Author Topic: Switching to raised beds-advice and opinions please.  (Read 962 times)

George the Pigman

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Switching to raised beds-advice and opinions please.
« on: January 24, 2021, 19:27:46 »
Well I have always been a fairly conventional allotmenteer - certainly as regards plot management. I have a standard sized plot with rather clayey soil and usually plant and sow things across it in rows. I have done this for nearly 30 years whilst most allotments on site have gradually moved to raised beds.The only raised bed I have is one I set up for blueberries so I could try and keep the soil on the acidic side.
Now, as age takes its toll, and digging gets harder I have decided to bite the bullet and to move to raised beds to make things a bit easier. I also can see the advantage of being easily able to erect netting and fleece on the beds where necessary.
But where to start! Should I set up raised beds for all my veg? Surely not for potatoes??
Should I have a mixed plot with raised beds and rows?
Normally I rotate the plot every year. How does rotation work with raised beds -particularly if I have a mixed rows/raised beds plot.
Anyone any advice or opinions?
« Last Edit: January 24, 2021, 19:29:29 by George the Pigman »

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Switching to raised beds-advice and opinions please.
« on: January 24, 2021, 19:27:46 »

pumpkinlover

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Re: Switching to raised beds-advice and opinions please.
« Reply #1 on: January 25, 2021, 08:12:06 »
We did sort of in between system by putting pavers to divide the plot up into sections. The plots levels raise up with the addition of compost but don't have edges.



saddad

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Re: Switching to raised beds-advice and opinions please.
« Reply #2 on: January 25, 2021, 08:30:42 »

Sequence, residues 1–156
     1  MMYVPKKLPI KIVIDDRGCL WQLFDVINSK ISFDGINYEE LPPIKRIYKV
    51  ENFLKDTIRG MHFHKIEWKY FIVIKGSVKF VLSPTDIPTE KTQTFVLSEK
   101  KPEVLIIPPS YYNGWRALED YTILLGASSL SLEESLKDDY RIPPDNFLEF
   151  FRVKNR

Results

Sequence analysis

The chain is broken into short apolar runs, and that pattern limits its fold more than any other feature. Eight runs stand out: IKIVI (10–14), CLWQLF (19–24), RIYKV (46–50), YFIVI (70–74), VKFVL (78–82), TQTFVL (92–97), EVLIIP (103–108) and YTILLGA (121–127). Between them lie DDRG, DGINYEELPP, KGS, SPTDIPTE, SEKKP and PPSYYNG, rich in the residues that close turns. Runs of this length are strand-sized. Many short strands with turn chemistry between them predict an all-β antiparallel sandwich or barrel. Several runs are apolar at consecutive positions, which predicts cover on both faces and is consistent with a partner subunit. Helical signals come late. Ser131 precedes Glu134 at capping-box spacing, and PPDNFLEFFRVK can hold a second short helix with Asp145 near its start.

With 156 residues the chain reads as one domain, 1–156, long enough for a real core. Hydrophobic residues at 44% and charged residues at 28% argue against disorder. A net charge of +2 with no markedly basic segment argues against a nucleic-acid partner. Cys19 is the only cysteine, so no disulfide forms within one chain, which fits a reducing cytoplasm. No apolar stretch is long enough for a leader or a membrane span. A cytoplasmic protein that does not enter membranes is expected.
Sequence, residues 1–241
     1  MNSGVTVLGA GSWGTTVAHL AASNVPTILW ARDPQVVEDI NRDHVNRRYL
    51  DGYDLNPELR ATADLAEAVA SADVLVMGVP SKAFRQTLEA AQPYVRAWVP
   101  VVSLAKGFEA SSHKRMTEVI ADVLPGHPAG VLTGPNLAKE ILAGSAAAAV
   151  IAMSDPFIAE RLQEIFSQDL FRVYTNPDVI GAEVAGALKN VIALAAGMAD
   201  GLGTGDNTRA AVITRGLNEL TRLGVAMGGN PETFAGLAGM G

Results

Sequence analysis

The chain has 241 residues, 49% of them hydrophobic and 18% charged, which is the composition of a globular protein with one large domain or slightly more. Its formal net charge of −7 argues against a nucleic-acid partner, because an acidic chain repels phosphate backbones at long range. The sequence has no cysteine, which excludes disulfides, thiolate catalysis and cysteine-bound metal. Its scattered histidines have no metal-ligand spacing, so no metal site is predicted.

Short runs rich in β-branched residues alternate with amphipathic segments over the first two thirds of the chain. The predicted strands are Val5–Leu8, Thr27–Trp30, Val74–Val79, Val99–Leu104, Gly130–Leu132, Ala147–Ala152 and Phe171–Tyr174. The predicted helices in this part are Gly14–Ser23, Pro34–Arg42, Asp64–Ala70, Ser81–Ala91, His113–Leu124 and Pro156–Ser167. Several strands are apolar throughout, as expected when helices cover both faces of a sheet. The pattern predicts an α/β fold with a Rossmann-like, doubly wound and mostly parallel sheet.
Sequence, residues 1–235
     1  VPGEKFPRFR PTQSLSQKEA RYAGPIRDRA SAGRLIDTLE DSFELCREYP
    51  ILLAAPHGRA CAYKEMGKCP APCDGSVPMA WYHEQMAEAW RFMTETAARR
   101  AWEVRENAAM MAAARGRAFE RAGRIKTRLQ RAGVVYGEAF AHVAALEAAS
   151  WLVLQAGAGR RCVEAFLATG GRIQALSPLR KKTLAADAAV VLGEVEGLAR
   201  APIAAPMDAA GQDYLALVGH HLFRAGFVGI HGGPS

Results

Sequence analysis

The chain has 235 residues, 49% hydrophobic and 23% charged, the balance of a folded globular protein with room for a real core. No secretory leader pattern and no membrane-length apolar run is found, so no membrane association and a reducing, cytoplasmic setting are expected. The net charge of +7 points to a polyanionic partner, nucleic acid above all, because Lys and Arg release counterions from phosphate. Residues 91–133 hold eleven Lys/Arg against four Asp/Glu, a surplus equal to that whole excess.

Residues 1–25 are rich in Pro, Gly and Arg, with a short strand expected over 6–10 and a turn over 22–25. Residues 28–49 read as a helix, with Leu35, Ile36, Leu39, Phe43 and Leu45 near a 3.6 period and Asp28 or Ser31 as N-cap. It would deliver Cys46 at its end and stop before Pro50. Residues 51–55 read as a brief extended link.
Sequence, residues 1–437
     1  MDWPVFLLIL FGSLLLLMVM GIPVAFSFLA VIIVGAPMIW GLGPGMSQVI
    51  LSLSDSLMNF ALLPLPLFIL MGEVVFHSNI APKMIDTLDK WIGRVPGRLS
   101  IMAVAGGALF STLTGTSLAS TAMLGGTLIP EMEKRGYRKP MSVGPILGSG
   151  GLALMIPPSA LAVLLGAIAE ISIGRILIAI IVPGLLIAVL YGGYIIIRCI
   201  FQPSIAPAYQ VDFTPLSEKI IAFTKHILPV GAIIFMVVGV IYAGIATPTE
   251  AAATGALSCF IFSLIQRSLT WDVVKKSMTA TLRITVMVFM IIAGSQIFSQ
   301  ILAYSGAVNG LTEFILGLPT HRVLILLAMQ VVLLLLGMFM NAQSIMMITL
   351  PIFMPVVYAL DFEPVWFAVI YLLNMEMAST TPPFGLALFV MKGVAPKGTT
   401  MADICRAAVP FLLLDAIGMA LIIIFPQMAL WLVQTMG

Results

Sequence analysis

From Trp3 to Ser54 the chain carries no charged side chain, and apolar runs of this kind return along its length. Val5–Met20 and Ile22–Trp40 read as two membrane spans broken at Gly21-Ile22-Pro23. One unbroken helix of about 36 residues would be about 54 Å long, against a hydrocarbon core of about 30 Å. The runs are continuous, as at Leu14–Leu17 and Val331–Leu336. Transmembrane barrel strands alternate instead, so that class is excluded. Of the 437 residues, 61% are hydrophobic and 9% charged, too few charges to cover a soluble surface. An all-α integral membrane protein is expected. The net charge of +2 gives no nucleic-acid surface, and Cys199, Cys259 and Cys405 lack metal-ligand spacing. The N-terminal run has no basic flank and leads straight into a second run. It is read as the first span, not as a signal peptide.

Plastic pallet toppers, if you can source them are a good compromise... easy to move around for rotation and don't rot. Wooden ones even if treated each year usually decay in 4-5 years. If you have been digging the plot for 30 years you will have removed the perennial weeds. One of my bugbears is newbies who come onto the site and set up raised beds, at considerable expense, and then give up when the couch and or bindweed get in and can't be eradicated because of the heavy timbers.....

ACE

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Re: Switching to raised beds-advice and opinions please.
« Reply #3 on: January 25, 2021, 12:45:01 »
I started on them with pallet toppers a couple of years ago, same reason after years of conventional digging and rows across the plot. I did find that it was alright for carrots and a few salad crops but I still needed some rows for spuds etc. Now I have got lazy and purchased a rotovator.  So ripped them all out and gone back to the old fashioned way with just a small nursery bed tucked in a corner. Before you all start shouting worm murderer, I have given the plot a little dig here and there are worms in abundance even after a complete deep plot rotovate.

Tee Gee

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Re: Switching to raised beds-advice and opinions please.
« Reply #4 on: January 25, 2021, 12:49:27 »
I like how you wormed your way out of that one Ace :happy7:

George the Pigman